Pakistan matters enormously. It borders the rising powers of India and China as well as two of the world’s worst trouble spots, Afghanistan and Iran. A failed Pakistan is certain to destabilize Afghanistan, and may well derail India’s peaceful development (if the violence in the contested region of Kashmir worsens). Equally importantly for Europe, Pakistan’s northwestern region serves as training and recruiting ground for al-Qaeda terrorists. Pakistan-trained terrorists have already struck in the UK but Germans, too, were found to be training in Pakistan’s terrorist camps, and the Taliban also claims to have French and other nationalities in its ranks. Add to this a sizeable stash of nuclear weapons, and the prospect of Pakistan disintegrating into its ethnic constituencies becomes scary indeed.

Pakistan may be thousands of miles away from Europe but its collapse would certainly reverberate here as well. Europe must think hard about what can be done to help. The Europeans’ biggest stake in Pakistan is via their involvement in Afghanistan. Troops from 21 European countries there are having a terrible time fighting the Taliban, who draw support from the tribes in Pakistan’s lawless northwestern region. It is becoming clear that Afghanistan cannot be secured unless Pakistan’s tribal areas are brought under some semblance of central control. If Pakistan collapses, that task will become impossible, and the chance for a successful Afghan state may slip away.

NATO commands the Afghanistan operation, and until recently, it ran a busy military-to-military dialogue with Pakistan. That conversation has largely stopped for now, NATO officials say, until Pakistan’s internal situation becomes more stable. But when and if it resumes, European countries involved in NATO’s Afghanistan mission should use the forum to press Pakistan for more co-operation on the fight against the Taliban. They should also explore whether the scope of the debates can be expanded to include Pakistan’s domestic situation.

But beyond this forum Europe’s leverage over Pakistan is limited. The reality is that events in Pakistan have a bigger impact on Europe than the European Union (EU) exerts on Pakistan. Asian countries by and large view the EU as a collection of nation-states rather than a whole. While on trade issues they speak to the EU, on foreign policy national capitals matter far more than the union. London almost certainly has a bigger say in Pakistan than Brussels.

That would be fine in principle except that member-states find it difficult to have a meaningful influence alone. In Pakistan, even the United States tried and failed to broker a Musharraf-Bhutto alliance. Islamabad has become introverted and closed.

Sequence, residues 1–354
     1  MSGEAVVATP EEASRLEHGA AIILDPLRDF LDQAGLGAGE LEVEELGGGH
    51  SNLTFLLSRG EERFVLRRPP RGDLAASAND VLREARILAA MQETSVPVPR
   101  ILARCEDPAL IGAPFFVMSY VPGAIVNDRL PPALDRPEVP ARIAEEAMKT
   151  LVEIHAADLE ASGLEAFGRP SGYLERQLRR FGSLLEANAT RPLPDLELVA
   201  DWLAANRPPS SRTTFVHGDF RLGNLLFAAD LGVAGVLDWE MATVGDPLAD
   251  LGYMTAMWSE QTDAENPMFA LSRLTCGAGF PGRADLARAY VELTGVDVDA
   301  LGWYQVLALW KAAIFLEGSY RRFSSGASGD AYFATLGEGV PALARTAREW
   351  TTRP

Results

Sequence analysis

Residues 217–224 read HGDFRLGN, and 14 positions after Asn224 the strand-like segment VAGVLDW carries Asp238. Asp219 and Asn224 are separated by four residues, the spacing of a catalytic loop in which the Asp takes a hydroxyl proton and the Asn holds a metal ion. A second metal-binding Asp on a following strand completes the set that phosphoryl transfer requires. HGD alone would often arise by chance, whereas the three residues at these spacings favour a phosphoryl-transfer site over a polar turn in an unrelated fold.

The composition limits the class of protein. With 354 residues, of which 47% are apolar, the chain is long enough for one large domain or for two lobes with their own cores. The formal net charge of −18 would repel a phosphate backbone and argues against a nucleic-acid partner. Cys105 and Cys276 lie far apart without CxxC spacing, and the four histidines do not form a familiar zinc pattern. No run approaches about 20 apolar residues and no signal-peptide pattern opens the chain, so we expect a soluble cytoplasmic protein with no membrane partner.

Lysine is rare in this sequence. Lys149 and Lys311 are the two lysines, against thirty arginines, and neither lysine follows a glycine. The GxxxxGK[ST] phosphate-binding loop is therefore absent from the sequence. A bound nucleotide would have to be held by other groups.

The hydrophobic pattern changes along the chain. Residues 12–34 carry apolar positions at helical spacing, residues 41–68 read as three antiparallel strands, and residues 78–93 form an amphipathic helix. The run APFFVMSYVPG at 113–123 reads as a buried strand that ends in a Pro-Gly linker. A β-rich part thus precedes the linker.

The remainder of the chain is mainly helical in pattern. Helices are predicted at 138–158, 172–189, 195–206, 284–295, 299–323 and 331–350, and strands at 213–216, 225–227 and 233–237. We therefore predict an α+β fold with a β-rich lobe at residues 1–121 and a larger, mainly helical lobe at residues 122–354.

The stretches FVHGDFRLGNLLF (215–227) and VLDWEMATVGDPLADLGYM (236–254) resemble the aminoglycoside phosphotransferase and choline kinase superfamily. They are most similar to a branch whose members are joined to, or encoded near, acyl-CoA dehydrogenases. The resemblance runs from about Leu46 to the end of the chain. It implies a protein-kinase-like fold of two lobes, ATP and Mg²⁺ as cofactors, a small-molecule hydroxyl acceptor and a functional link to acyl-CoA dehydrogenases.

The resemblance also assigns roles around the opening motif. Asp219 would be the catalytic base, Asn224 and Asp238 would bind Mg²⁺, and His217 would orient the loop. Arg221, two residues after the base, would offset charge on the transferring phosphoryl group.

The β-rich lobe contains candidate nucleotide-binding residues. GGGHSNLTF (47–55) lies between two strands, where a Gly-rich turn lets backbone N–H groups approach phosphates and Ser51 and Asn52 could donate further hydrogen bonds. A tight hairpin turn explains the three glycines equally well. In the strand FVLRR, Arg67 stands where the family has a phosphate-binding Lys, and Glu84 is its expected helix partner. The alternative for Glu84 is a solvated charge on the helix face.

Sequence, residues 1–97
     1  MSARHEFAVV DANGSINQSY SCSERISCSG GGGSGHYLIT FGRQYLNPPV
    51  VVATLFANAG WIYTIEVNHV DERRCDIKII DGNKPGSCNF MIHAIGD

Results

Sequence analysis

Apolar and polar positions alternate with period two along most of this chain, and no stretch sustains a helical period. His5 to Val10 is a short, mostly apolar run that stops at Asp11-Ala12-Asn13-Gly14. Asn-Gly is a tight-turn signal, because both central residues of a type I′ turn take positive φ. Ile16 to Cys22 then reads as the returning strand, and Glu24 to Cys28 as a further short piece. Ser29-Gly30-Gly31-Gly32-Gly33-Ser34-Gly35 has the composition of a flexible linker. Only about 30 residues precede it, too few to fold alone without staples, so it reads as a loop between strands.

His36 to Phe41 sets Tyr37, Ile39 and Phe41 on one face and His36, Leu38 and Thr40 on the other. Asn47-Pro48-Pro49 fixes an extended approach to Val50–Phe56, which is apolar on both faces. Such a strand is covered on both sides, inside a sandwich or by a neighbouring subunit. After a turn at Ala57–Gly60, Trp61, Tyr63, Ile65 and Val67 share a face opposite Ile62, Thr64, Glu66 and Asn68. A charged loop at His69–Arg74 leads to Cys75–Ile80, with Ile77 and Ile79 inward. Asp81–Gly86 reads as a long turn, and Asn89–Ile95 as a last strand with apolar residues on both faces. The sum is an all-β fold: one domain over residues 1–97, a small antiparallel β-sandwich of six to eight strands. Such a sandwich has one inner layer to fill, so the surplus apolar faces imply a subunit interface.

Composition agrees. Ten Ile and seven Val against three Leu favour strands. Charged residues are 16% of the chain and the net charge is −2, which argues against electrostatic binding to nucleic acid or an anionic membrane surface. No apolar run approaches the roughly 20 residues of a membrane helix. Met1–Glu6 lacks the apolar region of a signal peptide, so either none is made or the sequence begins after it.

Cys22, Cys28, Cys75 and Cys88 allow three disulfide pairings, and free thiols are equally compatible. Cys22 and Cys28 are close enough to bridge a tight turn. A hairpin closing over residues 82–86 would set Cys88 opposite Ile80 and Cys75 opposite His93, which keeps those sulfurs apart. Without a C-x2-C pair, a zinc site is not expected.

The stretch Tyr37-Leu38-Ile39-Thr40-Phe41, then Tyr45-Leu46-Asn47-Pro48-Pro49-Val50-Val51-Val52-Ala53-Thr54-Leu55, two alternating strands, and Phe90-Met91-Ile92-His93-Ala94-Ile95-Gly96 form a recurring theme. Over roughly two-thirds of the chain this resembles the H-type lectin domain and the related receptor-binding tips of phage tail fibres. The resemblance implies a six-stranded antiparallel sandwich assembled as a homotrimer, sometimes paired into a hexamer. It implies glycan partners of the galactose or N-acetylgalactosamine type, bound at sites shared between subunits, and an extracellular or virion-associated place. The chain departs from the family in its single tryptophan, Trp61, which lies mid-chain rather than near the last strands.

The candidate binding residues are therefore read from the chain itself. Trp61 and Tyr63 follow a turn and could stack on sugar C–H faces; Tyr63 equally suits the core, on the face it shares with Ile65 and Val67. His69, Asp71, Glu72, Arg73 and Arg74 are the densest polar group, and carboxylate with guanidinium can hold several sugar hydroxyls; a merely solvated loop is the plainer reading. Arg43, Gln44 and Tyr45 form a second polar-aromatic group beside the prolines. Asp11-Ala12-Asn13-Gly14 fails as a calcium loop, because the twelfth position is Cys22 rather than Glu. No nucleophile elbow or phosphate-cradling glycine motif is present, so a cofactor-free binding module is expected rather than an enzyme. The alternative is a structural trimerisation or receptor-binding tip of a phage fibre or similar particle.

The question then becomes how to use the EU’s limited influence, and, whether it is possible to expand it. On the first count, Europe’s main goal should be to ensure that the Pakistani elections next month are fair, free and timely. Europe has offered to send an election monitoring mission to assist with the forthcoming elections on February 18th (moved from January 8th). This includes 11 election experts and fifty long-term observers. Europe should make it clear to Musharraf that he must not delay the elections any longer for his own political gain, as Bhutto’s Pakistan People’s Party (which stands to benefit the most from the sympathy factor) fears. Musharraf’s decreasing credibility in conjunction with rigged elections would snuff out any hope of return to normality in the near to medium term.

Europe should also use its leverage over the US to lean on Washington to insist on fully democratic elections. For too long, Musharraf, who has been a willing aide in Washington’s fight against terrorism, enjoyed America’s nearly total support, despite having previously overthrown a civilian government. That attitude has begun to change lately – the US was behind the push for a Bhutto-Musharraf alliance, and US diplomats have been quietly talking to some of the Islamists opposition parties, too. Europe should encourage Washington to fully end their dependency on Musharraf, and to press for democratic elections.

Beyond these measures there seem precious few options for the EU to act, certainly in the short run. Since the September 11th attacks the EU has consciously tried to strengthen its role in the country. It gave Pakistani goods preferential access to European markets. In 2005 the EU provided tens of millions of euros to help Pakistan deal with the aftermath of a massive earthquake. Yet none of this seems to have raised Europe’s profile much. Javier Solana, the EU’s foreign policy representative is said to be speaking to Musharraf often but to little effect. But for now, Europe’s best hope is to use its limited leverage to press for democracy, and to hope for Musharraf to become more open to outside influence. A visit to Brussels would be a strong signal of interest.

In the long run, the EU could and should use its know-how in institution-building to help Pakistan overcome its ethnic divisions. As things stand, Pakistan’s political parties represent regional and ethnic interests rather than ideas. And while Bhutto, who hailed from the southern Sindh province, has gained nation-wide appeal and always viewed herself as Pakistani first, the fear is that her successors will put Sindhi interests before Pakistan. In that case, even if the elections are free and fair, the late Bhutto’s party victory may exacerbate ethnic tensions and fail to produce a stable government (not unlike in Iraq, where elections manifestly failed to heal the ethnic divide between the Sunnis, Shiites and Kurds).

The EU member-states have considerable know-how in building modern political parties. Those skills have already helped transform the politics of Central and Eastern Europe. The EU member-states should brainstorm about whether a similar formula could be applied to Pakistan. The strife-ridden country badly needs to transcend the politics of ethnicity. If the EU can help, it would make a major contribution to the stability of Pakistan – and perhaps win for itself a greater role in Pakistan’s domestic politics.

Melissa Ball is an associate at SEI and Tomas Valasek is director of foreign policy and defence at the Centre for European Reform.